The First Principle of Socratic Questioning: Structural Constraint
Human language and chess have something in common. Chess, like language, can generate an amazing number of new forms. There are more possible games of chess than there are stars in the universe (a great many more). Yet, using the goal of the game of chess as the evaluative criterion, most of these possible games are junk. There are only a relatively small number of the total possible chess games that are useful or interesting. The same is true of conversation. Human language can generate more possible statements and questions than can ever be anticipated in an organized manner. Most of the possible verbal statements and questions are not useful to any particular intelligent conversation, Socratic or otherwise. What is needed is a way to constrain the possibilities in a manner that serves the Socratic goal refuting a definition in Socratic style without being bogged down by the ocean of semantic possibilities that are inherent in more complex responses to basic questions such as "What is Justice?".
I first realized the amazing usefulness of constraining the permutation complexity of a generative system (such as language) through an unusual chess experience. Although, I had played chess here and there since I was a child, while working on a master degree I started playing once a week at a club. I was a typical patzer (poor player). After a couple of months of weekly play during which I learned to not drop pieces so much, I dedicated one month to studying the structure of the game for the first time using a book that taught the principles of positional chess play. I spent a lot of time over the next month learning how to incorporate the knowledge of positional principles into my chess play. Prior to studying positional play, chess seemed like a messy and unpredictable game. I found the principles of positional play made much of the game seem simple, organized and easy to understand. These principles gave me a framework for understanding the game in terms of strategy. At the end of that month I had the opportunity to play a chess grandmaster, who at the time was one of the top players in the world. I went into the game knowing I would be handily swept off the board in much less time than the ninety minutes allotted for the game. To my surprise, I survived the opening and the middle game. The game was exhausting and I had only five minutes left on my clock. As my time was running out, I blundered (lost a piece) like the rank amateur I was and promptly resigned. I looked forward to hearing from the grandmaster about all the things I did wrong.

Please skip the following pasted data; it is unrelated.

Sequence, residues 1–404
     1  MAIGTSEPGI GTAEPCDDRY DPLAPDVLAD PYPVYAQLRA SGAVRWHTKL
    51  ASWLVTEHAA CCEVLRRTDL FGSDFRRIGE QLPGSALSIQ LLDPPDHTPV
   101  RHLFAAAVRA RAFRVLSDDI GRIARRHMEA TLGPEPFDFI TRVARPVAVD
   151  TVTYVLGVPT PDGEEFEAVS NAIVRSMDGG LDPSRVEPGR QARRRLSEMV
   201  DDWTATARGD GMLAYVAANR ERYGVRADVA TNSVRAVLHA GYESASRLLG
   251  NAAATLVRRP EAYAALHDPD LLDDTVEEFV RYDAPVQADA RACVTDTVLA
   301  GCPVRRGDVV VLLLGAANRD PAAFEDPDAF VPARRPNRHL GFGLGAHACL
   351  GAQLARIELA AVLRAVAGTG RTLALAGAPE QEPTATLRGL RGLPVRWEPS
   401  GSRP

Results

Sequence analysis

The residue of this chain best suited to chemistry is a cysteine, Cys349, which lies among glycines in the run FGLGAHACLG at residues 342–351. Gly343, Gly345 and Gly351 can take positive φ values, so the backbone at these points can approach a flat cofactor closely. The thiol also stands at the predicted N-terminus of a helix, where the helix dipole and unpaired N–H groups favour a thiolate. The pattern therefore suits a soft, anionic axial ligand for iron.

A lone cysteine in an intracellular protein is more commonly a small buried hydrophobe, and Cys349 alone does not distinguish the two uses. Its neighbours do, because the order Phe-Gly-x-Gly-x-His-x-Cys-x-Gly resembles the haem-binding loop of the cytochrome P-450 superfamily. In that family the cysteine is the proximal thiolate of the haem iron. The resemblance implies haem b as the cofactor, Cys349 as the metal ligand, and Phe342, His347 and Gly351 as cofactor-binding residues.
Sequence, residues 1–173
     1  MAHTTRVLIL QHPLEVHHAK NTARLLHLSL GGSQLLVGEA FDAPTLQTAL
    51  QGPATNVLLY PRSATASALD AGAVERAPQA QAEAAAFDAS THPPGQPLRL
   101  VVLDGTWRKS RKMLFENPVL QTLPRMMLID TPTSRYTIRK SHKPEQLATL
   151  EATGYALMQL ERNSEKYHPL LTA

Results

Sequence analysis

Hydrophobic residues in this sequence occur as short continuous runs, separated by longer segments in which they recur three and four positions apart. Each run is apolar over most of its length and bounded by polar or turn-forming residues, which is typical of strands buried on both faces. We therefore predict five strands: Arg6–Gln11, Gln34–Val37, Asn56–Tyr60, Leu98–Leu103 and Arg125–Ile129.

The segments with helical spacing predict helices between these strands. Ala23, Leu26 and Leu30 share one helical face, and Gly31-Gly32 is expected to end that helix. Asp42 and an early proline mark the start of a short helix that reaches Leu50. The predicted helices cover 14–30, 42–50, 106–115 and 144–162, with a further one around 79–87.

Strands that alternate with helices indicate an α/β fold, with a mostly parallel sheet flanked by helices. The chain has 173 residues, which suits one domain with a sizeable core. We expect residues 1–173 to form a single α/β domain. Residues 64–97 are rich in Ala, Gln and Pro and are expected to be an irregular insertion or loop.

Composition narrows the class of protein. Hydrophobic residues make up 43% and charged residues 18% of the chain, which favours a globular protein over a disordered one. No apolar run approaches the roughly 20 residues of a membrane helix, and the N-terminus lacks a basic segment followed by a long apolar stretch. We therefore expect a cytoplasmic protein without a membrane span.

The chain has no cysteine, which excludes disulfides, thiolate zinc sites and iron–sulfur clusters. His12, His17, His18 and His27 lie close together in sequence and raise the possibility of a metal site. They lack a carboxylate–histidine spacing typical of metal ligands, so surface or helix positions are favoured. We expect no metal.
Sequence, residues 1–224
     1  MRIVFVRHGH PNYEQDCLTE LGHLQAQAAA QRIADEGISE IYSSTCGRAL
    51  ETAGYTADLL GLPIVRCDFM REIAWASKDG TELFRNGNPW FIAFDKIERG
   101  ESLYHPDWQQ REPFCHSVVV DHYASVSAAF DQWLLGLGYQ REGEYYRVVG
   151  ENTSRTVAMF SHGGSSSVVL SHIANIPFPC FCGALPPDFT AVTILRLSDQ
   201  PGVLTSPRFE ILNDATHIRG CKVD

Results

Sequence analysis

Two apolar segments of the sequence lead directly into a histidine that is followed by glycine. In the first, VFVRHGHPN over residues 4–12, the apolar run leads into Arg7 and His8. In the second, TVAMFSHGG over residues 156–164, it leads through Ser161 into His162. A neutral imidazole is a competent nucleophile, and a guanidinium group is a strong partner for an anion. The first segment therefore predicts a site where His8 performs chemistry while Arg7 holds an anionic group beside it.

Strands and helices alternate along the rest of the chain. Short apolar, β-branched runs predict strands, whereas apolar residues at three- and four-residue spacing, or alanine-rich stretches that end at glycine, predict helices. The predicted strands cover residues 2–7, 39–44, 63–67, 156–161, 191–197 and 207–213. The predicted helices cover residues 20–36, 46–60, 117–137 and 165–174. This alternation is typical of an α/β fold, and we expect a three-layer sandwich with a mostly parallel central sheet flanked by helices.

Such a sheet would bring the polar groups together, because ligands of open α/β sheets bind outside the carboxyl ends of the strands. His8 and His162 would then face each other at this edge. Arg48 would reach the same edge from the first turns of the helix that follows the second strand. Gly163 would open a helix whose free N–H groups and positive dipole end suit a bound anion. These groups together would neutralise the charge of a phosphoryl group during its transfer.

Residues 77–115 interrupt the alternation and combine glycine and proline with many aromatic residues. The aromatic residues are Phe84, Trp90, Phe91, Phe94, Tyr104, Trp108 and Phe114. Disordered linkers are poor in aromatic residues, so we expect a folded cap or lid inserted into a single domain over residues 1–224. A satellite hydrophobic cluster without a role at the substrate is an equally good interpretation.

I asked the grandmaster to analyze my game prior to my obvious mistake so that I could learn. He told me that he had nothing to say and that I could not have played better. At this point I was stunned. How was it possible that, after one month of the study of positional play, I could do so well against a chess grandmaster? The answer to that question is that we had played an opening that was relatively non-tactical and heavily favored positional considerations (exchange variation of the French Defense). The grandmaster choose to not raise tactical complications, most likely because he knew pure technique would win the endgame for him. Yet, my performance in the game was very much better than I was anticipating. In such openings, a sound knowledge of positional play is enough to play an enjoyable game. All I had to do was carefully attend to positional knowledge and not drop a piece. I learned that a little knowledge of structure, well attended to, goes a long way. In a more tactically complicated game, he could have easily swept me off the board with his eyes closed. The grandmaster performed such sweepings in later games while he played me blindfolded.
Even though my abilities with chess calculation and tactics were not much improved, the principles of positional play still allowed me to raise my game far beyond my highest expectations and play a decent game against a world class player. This worked because the positional principles constrained my attentiveness to useful structural considerations of chess play. With regard to the idea of constraining the possibilities, these principles gave me easy to understand reasons to reject a great many possible chess moves. The rules allowed me to focus much more efficiently and limit the possibilities of the game in a way that was productive. The principles I will describe in this series of essays have a similar dynamic for understanding the use of the Socratic Method. They will greatly limit the possible directions in which a Socratic conversation can go by focusing our attention on the structure of Socratic Dialogue. In chess, it takes more than positional play to be a real chess master. Although the same is true with regard to mastering the Socratic Method, these principles can take you far. By working to be persistently attentive to principles derived from the observation of the structure of Socratic Dialogue, you can raise your Socratic game to an enjoyable and useful level to use the method more effectively than you thought possible.